Return to the USDOJ/OIG Home Page

Independent Evaluation Pursuant to the Government Information Security Reform Act
Fiscal Year 2002

The Federal Bureau of Prisons' Inmate Telephone System II

Report No. 03-04
November 2002
Office of the Inspector General


The fiscal year (FY) 2001 Defense Authorization Act (Public Law 106-398) includes Title X; subtitle G, "Government Information Security Reform Act" (GISRA). GISRA became effective on November 29, 2000, and amends the Paperwork Reduction Act of 1995 by enacting a new subchapter on "Information Security." It requires federal agencies to:

The objective of the audit was to determine the Department of Justice's (Department) compliance with the requirements of GISRA. The Inmate Telephone System II (ITS II) was selected as one of the subset of systems to be tested to determine the effectiveness of the Department's overall security program for FY 2002. In determining if the Department is compliant with GISRA requirements, PricewaterhouseCoopers LLP (PwC) assessed whether adequate computer security controls existed to protect the ITS II from unauthorized use, loss, or modification.

Under the direction of the OIG and in accordance with Government Auditing Standards, PwC performed the audit of ITS II. The audit took place from May through July 2002. During our audit, we met with the Federal Bureau of Prisons (BOP) officials from the ITS II System Control Center. We reviewed documentation that included the BOP's information technology (IT) documents, organizational structures, OMB GISRA reporting information, and prior OIG and Department reports to assess the ITS II compliance with GISRA and related information security policies, procedures, standards, and guidelines. We performed test work at BOP Headquarters in Washington, D.C.

For the interviews conducted, we used the questionnaire contained in the National Institute of Standards and Technology (NIST) Special Publication (SP) 800-26, "Security Self-Assessment Guide for Information Technology Systems." This questionnaire contains specific control objectives and suggested techniques against which the security of a system or group of interconnected systems can be measured. The questionnaire contains 17 areas under 3 general controls (management, operational, and technical). The areas contain 36 critical elements and 225 supporting security control objectives and techniques (questions) about the system. The critical elements are derived primarily from OMB Circular A-130 and are integral to an effective IT security program. The control objectives and techniques support the critical elements. If a number of the control objectives and techniques are not implemented, the critical elements have not been met.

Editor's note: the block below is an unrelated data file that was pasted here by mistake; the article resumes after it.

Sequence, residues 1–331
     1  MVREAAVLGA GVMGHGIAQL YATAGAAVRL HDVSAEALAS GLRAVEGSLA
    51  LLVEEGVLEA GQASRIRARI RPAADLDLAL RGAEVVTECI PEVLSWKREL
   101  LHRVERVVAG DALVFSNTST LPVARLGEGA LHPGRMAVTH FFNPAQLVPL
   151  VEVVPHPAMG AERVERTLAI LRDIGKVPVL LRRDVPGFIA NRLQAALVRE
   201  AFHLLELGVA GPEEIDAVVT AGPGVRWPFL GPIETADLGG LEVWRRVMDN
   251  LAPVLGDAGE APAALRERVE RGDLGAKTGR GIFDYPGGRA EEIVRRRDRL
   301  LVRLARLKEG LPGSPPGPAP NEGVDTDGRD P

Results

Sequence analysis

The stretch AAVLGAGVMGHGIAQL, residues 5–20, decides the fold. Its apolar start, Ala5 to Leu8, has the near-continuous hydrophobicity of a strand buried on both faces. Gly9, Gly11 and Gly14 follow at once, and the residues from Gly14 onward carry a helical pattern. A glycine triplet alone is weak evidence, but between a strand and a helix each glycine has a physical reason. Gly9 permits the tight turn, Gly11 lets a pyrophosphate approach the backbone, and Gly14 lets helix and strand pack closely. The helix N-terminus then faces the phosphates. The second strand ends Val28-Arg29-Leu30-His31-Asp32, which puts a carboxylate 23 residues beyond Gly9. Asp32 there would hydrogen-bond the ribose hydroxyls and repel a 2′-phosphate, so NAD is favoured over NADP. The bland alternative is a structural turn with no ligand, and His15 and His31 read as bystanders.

The audit approach was based on the General Accounting Office's Federal Information System Controls Audit Manual, the Chief Information Officer Council Framework, OMB Circular A-130, and guidance established by NIST. These authorities prescribe a review that evaluates the adequacy of management, operational, and technical controls over control areas listed in Appendix I.


The ITS was developed in 1988. In an August 1999 review performed by the OIG, we found that a significant number of federal inmates use prison telephones to commit serious crimes while incarcerated - including murder, drug trafficking, and fraud. BOP management acknowledged the shortcomings of its inmate telephone system and indicated that a more sophisticated version of the inmate telephone system called (ITS II), was being developed to provide more options for restricting and controlling inmate access to prison telephones.

While the former inmate telephone system was self-contained at each institution and was incapable of sharing data through a central database, ITS II is designed to allow the BOP to access inmate telephone information from all BOP institutions simultaneously. ITS II provides the BOP with the ability to control their access, make records of the calls, adjust the inmates' commissary account, and bill inmates for the calls. ITS II also allows the BOP's Central Office to monitor and record telephone conversations of any inmate in the country.

ITS II provides wide-area network circuits, routers, Ethernet switches, and network management for ITS II computer systems and networking equipment. The ITS II consists of UNIX and Windows NT platforms.


We obtained audit evidence to determine whether adequate computer security controls existed to protect ITS II from unauthorized use, loss, or modification. Our testing consisted of assessing management, operational, and technical controls for 17 critical areas for the ITS II. Our testing disclosed vulnerabilities within 13 of the 17 areas. Two of the 13 vulnerabilities were within technical controls and were identified as high risks to the protection of ITS II.

We concluded that these vulnerabilities occurred because ITS II management did not fully develop, document, or enforce agency-wide policies in accordance with current Department policies and procedures. Additionally, we believe the Department did not enforce their security policies and procedures to ensure ITS II is protected from unauthorized use, loss, or modification through its certification and accreditation process. If not corrected, these security vulnerabilities threaten ITS II and its data with the potential for unauthorized use, loss, or modification.